“As a housing decision, people are buying the amenities that go with the purchase price. As the airlines start to expose more of the components that make up the offer, there’s opportunity in that.”

Samuel adds:

“From a retailing point of view, it does become more about emotion. What carriers would like to do is introduce the emotion into the shopping process, like other brands do with other retailing experiences.

“So what your brand means, and what they promise and hope to deliver, that’s what carriers are talking about they would like to do. And, yes, they want technology to support that.

“I think, especially as carriers start to see a revenue uplift from those features then absolutely [airlines will focus more on the merchandising of experiential factors].

“I think it will happen most obviously in the places that you expect: longer haul flights, premium cabins. That’s where I think it gotten the earliest traction, for obvious reasons: you experience that product a lot longer. But it will find its way all of the way through. Again, it will be like hotels. Even when you book a less expensive hotel, you’ll want to know about certain factors.”

Getting value from GDS

On the contentious topic of GDS fees, Morgan argues that what matters most to airlines is ensuring “a strong value proposition.”

  “Cost of distribution is actually one of the smaller costs associated to the costs of booking for airlines.

“When you factor-in all of the benefits of indirect distribution—that customer acquisition costs are much lower, a lower cost of ownership of that customer, and the agency channel shields a lot of the service and support costs across the lifecycle of that product.”

“We simply must do a better job of articulating that value, as well as delivering on the product promise that we have with airlines. That is around rich content, better visualization of how they want their product sold.

“We are also innovating significantly in that right now. I personally believe that aggregation has value for a very long foreseeable future. It’s up to us to be able to compete and win in that space.”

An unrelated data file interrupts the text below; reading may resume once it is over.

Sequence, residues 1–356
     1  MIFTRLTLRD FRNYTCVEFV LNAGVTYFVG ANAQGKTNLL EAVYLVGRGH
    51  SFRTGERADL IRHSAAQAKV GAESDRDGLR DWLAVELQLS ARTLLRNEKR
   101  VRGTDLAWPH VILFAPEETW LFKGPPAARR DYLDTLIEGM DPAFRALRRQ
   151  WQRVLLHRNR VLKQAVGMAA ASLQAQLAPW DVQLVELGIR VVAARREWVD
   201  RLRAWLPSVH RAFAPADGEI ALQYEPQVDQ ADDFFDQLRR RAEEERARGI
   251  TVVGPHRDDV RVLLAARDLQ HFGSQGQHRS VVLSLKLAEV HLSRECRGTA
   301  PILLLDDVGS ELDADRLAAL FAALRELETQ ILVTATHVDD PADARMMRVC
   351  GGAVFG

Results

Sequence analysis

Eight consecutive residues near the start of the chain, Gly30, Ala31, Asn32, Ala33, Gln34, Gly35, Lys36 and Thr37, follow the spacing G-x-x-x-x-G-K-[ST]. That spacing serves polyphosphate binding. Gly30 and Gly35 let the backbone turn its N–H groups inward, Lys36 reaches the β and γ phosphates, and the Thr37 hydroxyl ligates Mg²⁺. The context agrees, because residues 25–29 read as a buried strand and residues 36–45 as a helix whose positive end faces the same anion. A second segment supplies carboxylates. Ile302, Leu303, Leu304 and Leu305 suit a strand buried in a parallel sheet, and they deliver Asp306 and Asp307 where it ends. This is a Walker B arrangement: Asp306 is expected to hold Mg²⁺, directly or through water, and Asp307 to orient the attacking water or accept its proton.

Samuel added that a key will be helping airlines better differentiate their offering in an increasingly competitive marketplace.

“The need for comparison shopping, the need to be able to understand what you get with an offer, is going to go up instead of down.

“The need to allow travelers to comparison shop is going to go up. Anytime you have a product that is a little bit more sophisticated to purchase, having an intermediary help you choose is added value.”

Profiting from touchpoints with TripCase

There are also more opportunities for retailing at various points of the journey, and systems should be flexible to offer value solutions throughout the trip, as Samuel explains:

“I think we appreciate that there are more touchpoints than just the purchase touchpoint. In fact, I think there’s going to be a lot of value. Often, you don’t think about upgrading, or whether you want to go to the lounge in advance.

“Frankly, you don’t think about a lot of things in advance, when you’re booking your flight a couple of weeks before you trip. But when your trip happens, you’re tired, your meeting runs late, then those products might have a lot more value

“Having more touchpoints, and more vehicles to talk to the traveller and make the offer at the right place at the right time—when they might be more in a mindset to buy that lounge pass and relax for a little while—I think that’s going to be important.

“That works for the seller of travel, but you also have to have products that the traveller wants to use. That’s the promise of TripCase.